It is quite fascinating to me that the stars of one of the most influential movies of the 1980s, Heathers, both headline television shows featuring similarly disaffected characters and environments. Both Mr. Robot and Stranger Things seem to encapsulate the zeitgeist of the era in which I grew up, of which Christian Slater and Winona Ryder acted as the role models and contemporaries of a generation.
Slater’s anarchic “J.D.” in Heathers was the true spiritual predecessor of Fight Club and Tyler Durden—making him the natural choice to portray the tulpa-like alter-ego of Elliot Alderson. Ryder made the entire 1st act of her career playing moody and jaded young women, caught between the allure of nihilism and a higher impulse; in Stranger Things she is embodies an exhausted, chain-smoking version of that earlier incarnation.
I cannot help but “read” these characters in Mr. Robot & Stranger Things as the inevitable progression of my own generation, our fears and frustrations and even how we are ultimately viewed by those who have come after us. The casting of these two actors was no coincidence; they were meant to evoke immediate and subconscious reactions, touchstones from an earlier era.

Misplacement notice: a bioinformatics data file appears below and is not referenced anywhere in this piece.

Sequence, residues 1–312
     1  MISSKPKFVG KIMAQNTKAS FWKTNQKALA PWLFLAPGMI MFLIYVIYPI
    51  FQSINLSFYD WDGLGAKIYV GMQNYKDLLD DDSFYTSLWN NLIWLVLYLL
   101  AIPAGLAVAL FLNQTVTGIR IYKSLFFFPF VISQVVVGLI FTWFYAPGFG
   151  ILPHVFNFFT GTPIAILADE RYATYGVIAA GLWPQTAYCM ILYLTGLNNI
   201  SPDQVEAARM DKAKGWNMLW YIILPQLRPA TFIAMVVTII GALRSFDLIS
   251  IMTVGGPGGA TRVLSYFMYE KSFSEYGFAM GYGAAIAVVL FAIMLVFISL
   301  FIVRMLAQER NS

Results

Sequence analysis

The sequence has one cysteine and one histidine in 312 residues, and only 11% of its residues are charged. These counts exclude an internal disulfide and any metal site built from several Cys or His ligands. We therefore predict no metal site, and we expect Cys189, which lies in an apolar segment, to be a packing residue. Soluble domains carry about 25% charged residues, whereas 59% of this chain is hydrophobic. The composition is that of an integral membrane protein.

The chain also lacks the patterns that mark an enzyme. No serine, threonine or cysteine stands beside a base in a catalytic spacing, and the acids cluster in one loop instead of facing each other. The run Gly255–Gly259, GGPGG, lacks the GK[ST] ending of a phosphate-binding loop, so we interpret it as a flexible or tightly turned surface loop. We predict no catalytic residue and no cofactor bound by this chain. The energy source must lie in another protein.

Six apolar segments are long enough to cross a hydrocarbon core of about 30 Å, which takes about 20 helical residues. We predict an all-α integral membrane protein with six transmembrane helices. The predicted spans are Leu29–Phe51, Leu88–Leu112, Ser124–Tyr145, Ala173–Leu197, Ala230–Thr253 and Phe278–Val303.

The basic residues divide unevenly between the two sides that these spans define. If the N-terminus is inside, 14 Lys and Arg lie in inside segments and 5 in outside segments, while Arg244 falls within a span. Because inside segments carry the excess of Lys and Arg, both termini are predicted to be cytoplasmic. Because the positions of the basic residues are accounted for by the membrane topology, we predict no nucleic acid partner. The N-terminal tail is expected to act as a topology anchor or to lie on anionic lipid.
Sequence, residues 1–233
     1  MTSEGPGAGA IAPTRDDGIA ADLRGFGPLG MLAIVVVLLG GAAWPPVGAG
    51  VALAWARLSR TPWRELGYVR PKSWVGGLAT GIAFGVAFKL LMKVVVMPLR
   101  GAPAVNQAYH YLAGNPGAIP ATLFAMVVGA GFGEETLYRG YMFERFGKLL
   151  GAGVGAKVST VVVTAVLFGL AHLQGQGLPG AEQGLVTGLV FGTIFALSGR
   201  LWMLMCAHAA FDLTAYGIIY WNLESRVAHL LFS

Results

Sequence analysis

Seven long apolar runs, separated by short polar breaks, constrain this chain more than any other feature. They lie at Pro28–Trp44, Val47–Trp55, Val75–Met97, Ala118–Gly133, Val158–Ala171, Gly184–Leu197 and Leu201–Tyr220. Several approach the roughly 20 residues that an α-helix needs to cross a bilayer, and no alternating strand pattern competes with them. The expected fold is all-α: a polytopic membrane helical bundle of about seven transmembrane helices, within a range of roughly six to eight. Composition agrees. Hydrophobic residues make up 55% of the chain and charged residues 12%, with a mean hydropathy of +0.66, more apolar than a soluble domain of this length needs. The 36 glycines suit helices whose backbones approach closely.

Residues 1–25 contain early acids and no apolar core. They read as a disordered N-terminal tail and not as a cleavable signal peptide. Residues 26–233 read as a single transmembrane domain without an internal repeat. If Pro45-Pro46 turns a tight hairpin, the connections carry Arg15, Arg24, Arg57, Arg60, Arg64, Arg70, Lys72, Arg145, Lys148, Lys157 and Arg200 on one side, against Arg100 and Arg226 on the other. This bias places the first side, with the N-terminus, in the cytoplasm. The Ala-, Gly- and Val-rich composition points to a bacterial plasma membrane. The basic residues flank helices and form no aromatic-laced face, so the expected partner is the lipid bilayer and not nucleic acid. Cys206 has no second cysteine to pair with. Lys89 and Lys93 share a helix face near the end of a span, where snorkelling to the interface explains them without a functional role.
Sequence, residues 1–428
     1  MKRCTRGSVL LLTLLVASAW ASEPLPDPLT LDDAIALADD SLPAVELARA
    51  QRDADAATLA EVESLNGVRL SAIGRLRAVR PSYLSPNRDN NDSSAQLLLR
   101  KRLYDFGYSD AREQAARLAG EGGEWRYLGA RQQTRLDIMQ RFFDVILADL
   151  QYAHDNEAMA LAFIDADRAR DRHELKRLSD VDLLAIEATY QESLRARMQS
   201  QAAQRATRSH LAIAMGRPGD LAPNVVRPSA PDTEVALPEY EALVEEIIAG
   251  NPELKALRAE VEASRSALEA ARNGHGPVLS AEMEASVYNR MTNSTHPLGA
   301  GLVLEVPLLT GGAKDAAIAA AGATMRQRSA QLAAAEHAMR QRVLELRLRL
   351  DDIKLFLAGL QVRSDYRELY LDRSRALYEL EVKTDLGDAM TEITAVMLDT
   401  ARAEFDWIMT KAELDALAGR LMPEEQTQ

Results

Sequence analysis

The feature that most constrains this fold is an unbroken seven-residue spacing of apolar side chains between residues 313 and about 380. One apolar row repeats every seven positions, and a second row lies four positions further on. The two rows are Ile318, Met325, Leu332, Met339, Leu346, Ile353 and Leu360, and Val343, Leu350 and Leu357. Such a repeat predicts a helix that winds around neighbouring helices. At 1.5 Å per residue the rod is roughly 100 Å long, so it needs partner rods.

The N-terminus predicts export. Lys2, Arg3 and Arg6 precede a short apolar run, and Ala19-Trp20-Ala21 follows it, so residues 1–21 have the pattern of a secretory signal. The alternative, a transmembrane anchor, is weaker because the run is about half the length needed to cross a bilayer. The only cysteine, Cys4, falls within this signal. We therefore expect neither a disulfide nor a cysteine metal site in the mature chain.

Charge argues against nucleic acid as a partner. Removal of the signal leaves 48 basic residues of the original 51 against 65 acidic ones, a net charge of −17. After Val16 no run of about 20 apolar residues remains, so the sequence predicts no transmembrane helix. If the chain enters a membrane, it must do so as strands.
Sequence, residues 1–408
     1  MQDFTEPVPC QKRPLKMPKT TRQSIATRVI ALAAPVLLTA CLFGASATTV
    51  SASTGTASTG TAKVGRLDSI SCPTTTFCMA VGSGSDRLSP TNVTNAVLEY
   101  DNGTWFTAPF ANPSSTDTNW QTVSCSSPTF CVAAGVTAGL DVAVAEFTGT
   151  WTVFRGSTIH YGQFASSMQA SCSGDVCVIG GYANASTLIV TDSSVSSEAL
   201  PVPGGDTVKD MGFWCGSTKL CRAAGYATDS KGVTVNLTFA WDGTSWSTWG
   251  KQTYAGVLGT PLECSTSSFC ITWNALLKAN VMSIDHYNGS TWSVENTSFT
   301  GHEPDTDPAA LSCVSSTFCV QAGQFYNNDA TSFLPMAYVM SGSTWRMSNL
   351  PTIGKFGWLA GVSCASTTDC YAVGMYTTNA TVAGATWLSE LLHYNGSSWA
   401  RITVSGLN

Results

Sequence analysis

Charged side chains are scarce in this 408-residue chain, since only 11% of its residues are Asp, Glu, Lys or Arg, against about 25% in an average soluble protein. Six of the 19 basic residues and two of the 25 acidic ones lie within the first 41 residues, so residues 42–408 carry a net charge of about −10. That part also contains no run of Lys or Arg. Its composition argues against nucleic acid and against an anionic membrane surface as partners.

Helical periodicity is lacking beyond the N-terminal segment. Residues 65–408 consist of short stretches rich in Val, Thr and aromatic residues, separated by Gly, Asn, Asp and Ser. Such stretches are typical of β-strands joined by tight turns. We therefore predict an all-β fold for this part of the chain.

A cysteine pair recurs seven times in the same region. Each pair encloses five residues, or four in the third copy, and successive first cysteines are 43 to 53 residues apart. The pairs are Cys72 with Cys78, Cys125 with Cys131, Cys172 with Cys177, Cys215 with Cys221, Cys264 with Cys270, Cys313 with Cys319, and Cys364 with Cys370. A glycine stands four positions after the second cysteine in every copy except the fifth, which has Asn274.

J.D.’s incoherent revolutionary impulse is now splattered all across the Internet in the guise of countless keyboard warriors, and Veronica Sawyer—much like Lydia Deetz before her—has retreated into her house and currently prefers communicating with the undead over the living creatures who disappointed her. It is not quite the zany Animal House-type “where are they now” closing credits sequence we had initially fished for, but it will have to do.
More to read about on Butterfly Language:
“Anti-Capitalist” Capitalism, Mr. Robot, and The Lego Movie
My Mr. Robot Story
Review: The Paranoid New World Of “The Tick”